Volatile organic compounds (VOC) are one of most common air pollutants. There are high health risks associated with the exposure to VOCs in indoor environments. VOC emissions may result from the use of cleaning products, paints, furniture and building materials. Heterogeneous photocatalysis has been shown to provide significant potential for VOC degradation. However, the approaches to be used for the required photocatalyst immobilization in scaled and highly efficient photoreactors are still not well established. Furthermore, there is a lack of reported photonic efficiencies and a shortage of required methods to establish these efficiencies.
Immobilization of a TiO2 aeroxide photocatalyst was accomplished in the present study using a new automatized spray coating method. Careful manipulation of coating variables, including slurry droplet size
, gives a homogeneous nanoparticle agglomerate coating on a stainless steel mesh. The homogeneity of the spray coated immobilized TiO2 was characterized using SEM and local gravimetric measurements. Furthermore, the high performance of the immobilized photocatalyst was established in a 55 liter Photo-CREC Air Reactor. This Photo-CREC-Air Reactor is equipped with 8 near-UV lamps of 15 watts each and a stainless steel coated mesh (1).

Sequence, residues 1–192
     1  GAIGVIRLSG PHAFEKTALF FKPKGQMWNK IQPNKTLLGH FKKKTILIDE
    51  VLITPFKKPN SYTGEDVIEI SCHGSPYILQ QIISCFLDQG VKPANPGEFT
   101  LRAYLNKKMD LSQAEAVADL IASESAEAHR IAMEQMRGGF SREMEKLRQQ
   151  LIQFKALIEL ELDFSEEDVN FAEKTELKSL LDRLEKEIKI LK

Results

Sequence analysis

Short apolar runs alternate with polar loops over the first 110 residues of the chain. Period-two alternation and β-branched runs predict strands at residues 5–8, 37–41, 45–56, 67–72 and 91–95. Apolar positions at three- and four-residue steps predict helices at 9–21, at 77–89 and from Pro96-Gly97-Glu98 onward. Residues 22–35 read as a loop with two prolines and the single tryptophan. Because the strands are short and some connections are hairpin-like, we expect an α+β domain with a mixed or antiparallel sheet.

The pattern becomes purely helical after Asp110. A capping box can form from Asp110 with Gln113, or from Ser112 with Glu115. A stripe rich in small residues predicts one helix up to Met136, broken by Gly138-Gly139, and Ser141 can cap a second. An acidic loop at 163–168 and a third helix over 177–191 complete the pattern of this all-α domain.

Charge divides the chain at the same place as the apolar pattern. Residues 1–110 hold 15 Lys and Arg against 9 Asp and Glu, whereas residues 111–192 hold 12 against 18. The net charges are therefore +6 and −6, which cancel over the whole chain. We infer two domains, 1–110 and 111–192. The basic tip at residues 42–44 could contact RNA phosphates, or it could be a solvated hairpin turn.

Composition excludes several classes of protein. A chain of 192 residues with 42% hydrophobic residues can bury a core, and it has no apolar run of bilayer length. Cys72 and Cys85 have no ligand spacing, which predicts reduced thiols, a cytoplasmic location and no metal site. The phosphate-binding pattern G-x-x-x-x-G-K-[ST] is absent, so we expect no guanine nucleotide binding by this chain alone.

The spray coated immobilized TiO2 performance was studied using acetone photodegradation. It was observed that complete mineralization of acetone was achieved for 24 to 49 µmol/L concentrations in 1-2 h. Acetaldehyde was the main intermediate species present. The valuable finding that the spray coated immobilized TiO2 gave 20.1 µmol/g-min initial photoconversion rates versus the 5.59 µmol/g-min for a previously developed brush dispersion coated TiO2 (1) was demonstrated. Furthermore the absorbed photons on the spray coated immobilized TiO2 were calculated using macroscopic radiation balances. These macroscopic radiation balances accounted for incident, scattered and transmitted near-UV radiation. On this basis, Quantum Yields (QY) and Photochemical Thermodynamic Efficiency Factors (PTFE) were calculated with these efficiencies being at the promising levels of 0.65 (65%) and 0.082 (8.2%) respectively.
(1) Garcia-Hernandez, J. M., et al., “Energy Efficiencies in a Photo-CREC-Air Reactor: Conversion of Model Organic Pollutants in Air,” Ind. Eng. Chem. Res. 51 (16), pp 5715-5727 (2012).